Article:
All the pieces connected for “The Lego Movie” at the box office this weekend, as the 3-D animated release far exceeded industry expectations to post the biggest opening of the year.
The family film debuted with a robust $69.1 million, according to an estimate from distributor Warner Bros. Heading into the weekend, pre-release audience surveys indicated the picture would start off with about $50 million. Instead, the movie ended up collecting almost $30-million more than did “Ride Along” — previously 2014’s biggest hit — when it opened last month.
Meanwhile, George Clooney’s latest directorial effort, the World War II-set “The Monuments Men,” had a respectable debut of $22.7 million. The only other film that debuted nationwide this weekend, the teen fantasy “Vampire Academy,” showed no signs of life with a dismal $4.1 opening.
Before “The Lego Movie” hit theaters, it was clear the film was resonating with critics — the film currently has a 95% fresh rating on Rotten Tomatoes. But those who saw the film this weekend loved it too, assigning the picture an average grade of A, according to market-research firm CinemaScore. With word-of-mouth likely to prove positive, the movie could end up grossing close to $200 million — especially given that the next family film due out, Disney’s “Mr. Peabody & Sherman,” isn’t being released until March.
The success of “The Lego Movie” is a major win for Warner Bros., which isn’t a huge player in the animated space. The studio financed the film for just under $70 million, a sum considered cheap for a genre in which most movies cost upwards of $150 million to produce. Warner’s hasn’t released an animated film since 2011, when its “Happy Feet Two” only ended up with a lackluster $64 million domestically.
Dan Fellman, the studio’s president of domestic distribution, said the strong performance of “The Lego Movie” all but guaranteed a sequel — one that could even prove competitive enough to open in the summer or holiday season.
“Animation is a big part of our business, and as a market leader in the industry we should be in that footprint,” said Fellman. “The Lego brand is cherished all over the world, and you’ll see a lot more from us down the road.”
Written and directed by Phil Lord and Chris Miller — creators of the “Cloudy With a Chance of Meatballs” franchise — “The Lego Movie” was made with full cooperation from the world’s second-biggest toy company. The film follows an upbeat construction worker (voiced by Chris Pratt) who is whisked away from his humdrum job by a nonconformist mini-figure (Elizabeth Banks) to embark on an adventure.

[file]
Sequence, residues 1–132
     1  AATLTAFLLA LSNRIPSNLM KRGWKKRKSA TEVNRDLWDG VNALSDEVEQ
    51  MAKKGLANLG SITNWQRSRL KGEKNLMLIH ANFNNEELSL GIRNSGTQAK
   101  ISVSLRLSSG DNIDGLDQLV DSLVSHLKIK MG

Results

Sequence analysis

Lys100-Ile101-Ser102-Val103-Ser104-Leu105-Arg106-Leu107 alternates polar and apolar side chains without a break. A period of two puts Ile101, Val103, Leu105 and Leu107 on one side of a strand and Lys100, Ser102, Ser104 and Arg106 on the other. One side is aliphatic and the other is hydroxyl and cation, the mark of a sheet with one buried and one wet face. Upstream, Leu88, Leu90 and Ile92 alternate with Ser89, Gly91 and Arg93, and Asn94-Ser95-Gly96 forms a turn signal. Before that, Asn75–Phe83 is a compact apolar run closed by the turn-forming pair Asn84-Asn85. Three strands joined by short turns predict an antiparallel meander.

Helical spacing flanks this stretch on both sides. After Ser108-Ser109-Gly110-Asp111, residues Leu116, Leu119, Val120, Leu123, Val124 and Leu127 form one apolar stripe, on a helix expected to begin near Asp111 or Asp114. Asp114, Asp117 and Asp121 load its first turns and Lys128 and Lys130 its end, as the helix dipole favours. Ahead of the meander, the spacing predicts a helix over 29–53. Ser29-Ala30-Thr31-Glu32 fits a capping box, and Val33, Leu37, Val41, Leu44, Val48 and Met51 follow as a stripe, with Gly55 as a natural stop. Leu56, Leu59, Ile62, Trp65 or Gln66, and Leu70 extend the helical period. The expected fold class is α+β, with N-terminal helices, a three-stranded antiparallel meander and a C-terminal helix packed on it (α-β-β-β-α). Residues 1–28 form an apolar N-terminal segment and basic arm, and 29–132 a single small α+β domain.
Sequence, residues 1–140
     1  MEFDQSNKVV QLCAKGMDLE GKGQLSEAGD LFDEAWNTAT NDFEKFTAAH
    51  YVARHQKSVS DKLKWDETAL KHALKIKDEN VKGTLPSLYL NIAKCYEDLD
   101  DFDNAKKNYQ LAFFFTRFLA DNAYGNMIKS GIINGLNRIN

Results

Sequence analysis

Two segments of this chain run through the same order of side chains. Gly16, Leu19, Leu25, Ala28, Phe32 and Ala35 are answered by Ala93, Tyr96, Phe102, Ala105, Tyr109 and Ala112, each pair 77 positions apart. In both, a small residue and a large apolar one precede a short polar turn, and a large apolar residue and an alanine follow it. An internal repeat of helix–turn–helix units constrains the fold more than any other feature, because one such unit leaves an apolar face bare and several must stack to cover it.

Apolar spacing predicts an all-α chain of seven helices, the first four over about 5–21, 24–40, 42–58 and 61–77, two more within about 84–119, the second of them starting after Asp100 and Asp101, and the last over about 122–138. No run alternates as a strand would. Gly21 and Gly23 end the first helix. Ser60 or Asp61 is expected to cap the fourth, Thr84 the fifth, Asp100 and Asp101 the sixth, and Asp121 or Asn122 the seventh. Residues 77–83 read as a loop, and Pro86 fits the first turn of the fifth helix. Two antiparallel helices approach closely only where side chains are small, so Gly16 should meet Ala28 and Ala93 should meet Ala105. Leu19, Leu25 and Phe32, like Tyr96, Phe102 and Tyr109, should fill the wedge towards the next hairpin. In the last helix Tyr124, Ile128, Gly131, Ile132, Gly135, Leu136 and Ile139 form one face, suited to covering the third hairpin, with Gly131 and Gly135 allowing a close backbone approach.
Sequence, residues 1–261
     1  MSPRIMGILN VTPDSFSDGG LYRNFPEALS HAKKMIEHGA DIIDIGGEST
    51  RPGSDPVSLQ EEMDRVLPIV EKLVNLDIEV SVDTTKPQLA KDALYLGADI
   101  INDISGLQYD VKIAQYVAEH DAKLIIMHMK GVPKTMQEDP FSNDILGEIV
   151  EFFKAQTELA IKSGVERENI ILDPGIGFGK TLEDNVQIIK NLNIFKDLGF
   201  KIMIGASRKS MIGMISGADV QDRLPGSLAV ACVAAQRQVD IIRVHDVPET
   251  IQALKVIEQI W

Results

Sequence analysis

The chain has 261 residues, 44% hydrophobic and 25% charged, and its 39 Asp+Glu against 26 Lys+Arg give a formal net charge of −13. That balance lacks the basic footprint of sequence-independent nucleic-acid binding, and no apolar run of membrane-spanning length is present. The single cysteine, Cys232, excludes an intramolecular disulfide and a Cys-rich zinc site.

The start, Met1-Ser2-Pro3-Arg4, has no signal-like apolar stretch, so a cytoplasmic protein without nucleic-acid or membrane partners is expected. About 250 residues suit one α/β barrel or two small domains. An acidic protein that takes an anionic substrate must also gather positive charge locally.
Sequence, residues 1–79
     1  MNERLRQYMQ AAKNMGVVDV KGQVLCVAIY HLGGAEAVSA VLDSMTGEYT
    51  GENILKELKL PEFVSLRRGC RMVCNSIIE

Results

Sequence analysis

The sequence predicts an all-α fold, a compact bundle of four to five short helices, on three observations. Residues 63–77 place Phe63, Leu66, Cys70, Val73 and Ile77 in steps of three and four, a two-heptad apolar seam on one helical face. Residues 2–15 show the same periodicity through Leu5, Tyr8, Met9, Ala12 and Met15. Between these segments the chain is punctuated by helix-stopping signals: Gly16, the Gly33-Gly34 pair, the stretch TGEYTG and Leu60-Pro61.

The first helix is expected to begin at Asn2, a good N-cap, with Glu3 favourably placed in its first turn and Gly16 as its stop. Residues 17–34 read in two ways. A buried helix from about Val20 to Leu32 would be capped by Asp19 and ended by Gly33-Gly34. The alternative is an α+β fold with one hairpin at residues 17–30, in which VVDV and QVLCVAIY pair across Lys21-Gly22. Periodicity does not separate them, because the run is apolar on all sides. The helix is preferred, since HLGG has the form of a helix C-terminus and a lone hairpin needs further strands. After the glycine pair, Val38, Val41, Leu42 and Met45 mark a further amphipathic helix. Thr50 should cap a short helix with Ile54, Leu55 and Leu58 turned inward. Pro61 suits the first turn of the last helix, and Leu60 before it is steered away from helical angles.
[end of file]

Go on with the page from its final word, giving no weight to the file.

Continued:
This weekend, the movie attracted slightly more males than females, as men comprised 55% of the audience. Roughly 35% of those who saw the film were willing to shell out a few extra bucks to watch it in 3-D.
While children and their parents flocked to “The Lego Movie,” an older crowd settled in for “Monuments Men.” About 75% of those who showed up for the Sony Pictures and 20th Century Fox co-production were over the age of 35, though the film attracted both genders in nearly equal measure. The film earned a B+ CinemaScore, and will need to generate strong buzz in the weeks to come if it is to make up for its $70-million budget.
The movie’s opening is the best by far for Clooney, who co-wrote the script with his producing partner Grant Heslov. Of the four films the actor directed previously, the biggest hit was the political thriller “The Ides of March,” which launched with $10.5 million in 2011 and went on to gross $41 million.
“Adults have a lot of love for George in terms of what he represents and the films he has chosen to embrace,” said Rory Bruer, Sony’s distribution president. “He has the whole package going for him.”
Like with “Ides,” Clooney also acts in “Monuments Men,” which follows a motley crew of older, out-of-shape gentleman trying to recover famous art stolen by the Nazis. Despite boasting an all-star cast that includes Matt Damon, Cate Blanchett and Bill Murray, the picture has largely been panned by critics. Initially thought to be a potential awards contender, the movie was first set for release in December, but last October Sony pushed the film’s opening to a less competitive time of year. Shot in Germany, the movie debuted Saturday at the Berlin Film Festival.
As for “Vampire Academy,” the film based on the 2007 young-adult novel about a high school filled with blood-sucking students failed to interest teen moviegoers in big numbers. The few who did see the Weinstein Co. release this weekend were, not surprisingly, young and female: 77% of the audience were women, and 53% were under the age of 25. Still, in its first weekend in theaters the film was unable to gross even the modest $10 million industry tracking had predicted.